Since they work so hard to suck in air from all around you and turn it to pure, breathable oxygen, portable oxygen concentrators are never entirely quiet. They need to make a little noise — a hiss or hum here and there — to run, but that doesn’t mean you should be stuck with a device that sounds like a jet plane that’s trying to take off. If you have to use your oxygen concentrator when sleeping, the continuous noise can keep you or your bed partner awake.
You will get the oxygen you need without all the noise by selecting from the quietest portable oxygen concentrators on the market. A stationary oxygen concentrator, also known as a home oxygen concentrator, is mostly used for those who need higher oxygen doses. Since home oxygen concentrators are more powerful than portable oxygen concentrators, they produce a little more noise.
Newer models of home oxygen concentrators, on the other hand, have successfully reduced the noise they produce, bringing them closer to portable oxygen concentrators. During use, the quietest home oxygen concentrator currently available measures about 40 decibels. This noise is similar to that found in a library, the soft sound of birdsong, or a desktop computer. The Respironics EverFlo Q provides liter flows starting at 0.5 liters per minute, while the other two have continuous flow oxygen from 1 to 5 liters per minute. However, at 31 pounds, it is also the heaviest; the Inogen at Home unit weighs just 18 pounds.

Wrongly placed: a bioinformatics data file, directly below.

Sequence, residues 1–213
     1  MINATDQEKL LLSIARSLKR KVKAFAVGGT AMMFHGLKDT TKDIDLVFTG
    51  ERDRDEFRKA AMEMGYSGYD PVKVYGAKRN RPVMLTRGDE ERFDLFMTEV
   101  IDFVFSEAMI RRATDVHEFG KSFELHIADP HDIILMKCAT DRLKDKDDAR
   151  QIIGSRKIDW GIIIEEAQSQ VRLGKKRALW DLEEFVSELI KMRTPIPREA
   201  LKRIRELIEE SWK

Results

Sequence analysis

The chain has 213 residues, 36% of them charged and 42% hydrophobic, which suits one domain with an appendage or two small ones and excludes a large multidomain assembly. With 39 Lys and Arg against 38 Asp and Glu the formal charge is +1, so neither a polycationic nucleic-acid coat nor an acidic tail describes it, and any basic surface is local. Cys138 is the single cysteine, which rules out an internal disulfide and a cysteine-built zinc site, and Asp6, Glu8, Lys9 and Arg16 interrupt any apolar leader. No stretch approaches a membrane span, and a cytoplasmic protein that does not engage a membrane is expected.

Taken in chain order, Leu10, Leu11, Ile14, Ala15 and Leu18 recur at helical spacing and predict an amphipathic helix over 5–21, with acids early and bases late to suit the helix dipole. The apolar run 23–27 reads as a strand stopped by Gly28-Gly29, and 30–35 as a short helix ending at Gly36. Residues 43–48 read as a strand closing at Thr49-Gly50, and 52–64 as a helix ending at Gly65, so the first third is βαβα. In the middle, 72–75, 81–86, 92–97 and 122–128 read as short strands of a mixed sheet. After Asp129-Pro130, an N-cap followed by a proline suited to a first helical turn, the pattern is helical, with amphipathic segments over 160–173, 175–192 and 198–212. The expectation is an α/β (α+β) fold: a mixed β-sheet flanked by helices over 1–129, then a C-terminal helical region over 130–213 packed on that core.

Advanced models of home oxygen concentrators, on the other hand, have successfully reduced the noise they produce, bringing them closer to portable oxygen concentrators. The quietest home oxygen concentrator currently available registers at around 40 decibels while in use. The Invacare Perfecto2, which works at around 43 decibels, follows those systems in terms of noise.
However, newer models of home oxygen concentrators have been appreciatively adept in cutting down on the sounds they make, putting some in line with portable oxygen concentrators. The quietest home oxygen concentrator currently available register at around 40 decibels during usage,
Besides the aforementrioned devices, the Invacare Perfecto2, which operates at around 43 decibels is also a quality products. Next in line are the Respironics SimplyFlo and Millennium M10 home oxygen concentrators, all of which have a decibel level of 50, which is equivalent to light traffic or a refrigerator. Older oxygen concentrator models produce a little more noise, peaking at 58 decibels at 100 feet, which is equivalent to an office or air conditioning unit, but they are still within acceptable limits.
Here you can get the right machine for your loved ones. Click: https://shop.servotech.in/oxygen-concentrator/